The legendary tree-dwelling giant rat spoken of by natives of the Solomon Islands for generations has been confirmed by Scientist as a new species.
Scientists tried for years to find the elusive rodent using many methods—including climbing trees, setting traps, and setting up motion-sensor cameras—but to no avail, Newsweek reported.
That was until 2015, when loggers felling a tree found a specimen when the tree hit the forest floor, revealing one of the giant rats. Locals had been trying to convince scientists of these treetop rats’ existence in the Solomon Islands for over 20 years, National Geographic reported.
The rodent of unusual size can weigh two pounds and reach lengtshs of 1.5 ft (45 cm) https://t.co/JAaNkw7Q8A
— National Geographic (@NatGeo) September 27, 2017
A ranger in the forest saw the dead rat and had its remains preserved and sent to a museum in Australia. Scientists realized they finally had evidence for what would be named a new species of rat.
“I immediately knew it was something new,” mammalogist Tyrone Lavery, who’s been searching for the rat since 2010, told National Geographic.
The Vangunu giant rat, named after Vangunu Island, where it was discovered, weighs over two pounds and grows up to 1.5 feet long. It is also the first new rat species discovered in 80 years on the Solomon Islands.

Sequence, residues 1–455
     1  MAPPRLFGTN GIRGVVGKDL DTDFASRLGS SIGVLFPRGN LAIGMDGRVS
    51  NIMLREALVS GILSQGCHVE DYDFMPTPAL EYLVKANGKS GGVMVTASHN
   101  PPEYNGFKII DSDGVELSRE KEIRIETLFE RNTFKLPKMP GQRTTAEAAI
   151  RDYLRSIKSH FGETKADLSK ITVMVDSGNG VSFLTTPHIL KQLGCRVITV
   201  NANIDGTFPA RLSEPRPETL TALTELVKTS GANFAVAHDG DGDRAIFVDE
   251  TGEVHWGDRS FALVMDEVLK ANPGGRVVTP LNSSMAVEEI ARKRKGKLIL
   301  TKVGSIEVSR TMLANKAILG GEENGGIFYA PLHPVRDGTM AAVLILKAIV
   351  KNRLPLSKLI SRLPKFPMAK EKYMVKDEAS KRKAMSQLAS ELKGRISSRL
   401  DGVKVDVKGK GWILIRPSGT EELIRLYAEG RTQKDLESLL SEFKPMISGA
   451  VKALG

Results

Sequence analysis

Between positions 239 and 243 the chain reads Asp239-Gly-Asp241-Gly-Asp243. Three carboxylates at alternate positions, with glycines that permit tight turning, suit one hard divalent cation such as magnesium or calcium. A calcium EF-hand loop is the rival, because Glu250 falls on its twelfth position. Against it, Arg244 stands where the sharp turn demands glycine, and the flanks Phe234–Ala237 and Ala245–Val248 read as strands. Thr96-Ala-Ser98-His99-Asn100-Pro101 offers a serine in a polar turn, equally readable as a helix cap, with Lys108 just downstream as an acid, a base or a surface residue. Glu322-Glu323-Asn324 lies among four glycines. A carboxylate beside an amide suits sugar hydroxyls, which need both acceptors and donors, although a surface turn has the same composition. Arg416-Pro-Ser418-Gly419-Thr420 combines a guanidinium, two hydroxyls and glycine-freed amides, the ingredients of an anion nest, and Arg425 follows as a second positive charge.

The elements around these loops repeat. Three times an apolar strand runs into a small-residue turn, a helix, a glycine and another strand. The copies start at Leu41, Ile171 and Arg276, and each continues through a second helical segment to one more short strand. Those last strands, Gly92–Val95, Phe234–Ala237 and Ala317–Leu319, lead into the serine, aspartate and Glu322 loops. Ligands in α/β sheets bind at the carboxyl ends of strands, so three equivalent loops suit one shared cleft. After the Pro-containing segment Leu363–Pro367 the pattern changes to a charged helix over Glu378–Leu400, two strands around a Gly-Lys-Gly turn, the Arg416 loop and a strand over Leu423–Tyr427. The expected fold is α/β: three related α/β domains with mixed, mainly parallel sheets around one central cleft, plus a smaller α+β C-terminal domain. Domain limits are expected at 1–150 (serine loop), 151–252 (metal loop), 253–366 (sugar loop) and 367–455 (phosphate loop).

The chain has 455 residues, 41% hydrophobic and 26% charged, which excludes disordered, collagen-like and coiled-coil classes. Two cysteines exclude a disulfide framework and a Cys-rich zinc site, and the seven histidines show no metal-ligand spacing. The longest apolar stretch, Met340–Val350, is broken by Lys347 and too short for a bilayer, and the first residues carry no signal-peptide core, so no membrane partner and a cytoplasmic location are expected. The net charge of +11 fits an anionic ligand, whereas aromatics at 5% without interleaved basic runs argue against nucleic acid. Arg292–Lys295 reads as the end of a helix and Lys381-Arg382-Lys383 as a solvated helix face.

Other than its large size, the rat is peculiar in its tree-climbing ability. Wide back feet with curved claws and large underfoot pads are believed to allow treetop traction, and a long, hairless, scaly tail also helps the rat stabilize itself when bounding through the treetops.
Large incisors allow the giant rats to crack into into coconuts.
The Solomon Islands are located east of Papua New Guinea and north of Australia. The region is known as Melanesia, an area rich in unique wildlife species, and also in giant rat species.
— UpdatedNews (@updatednewsca) September 28, 2017
“The issue is they are increasingly bloody hard to find,” said Nathan Whitmore, a biologist with the Wildlife Conservation Society. “Many are likely to go extinct before we ever know they exist.”
According to National Geographic, 90 percent of trees on the Solomon Islands have been logged. That could mean the Vangunu giant rat is already critically endangered.
But even finding that one dead giant rat has proved valuable.
“[Y]ou can’t apply for conservation funding for species you can’t prove actually exist,” said Whitmore.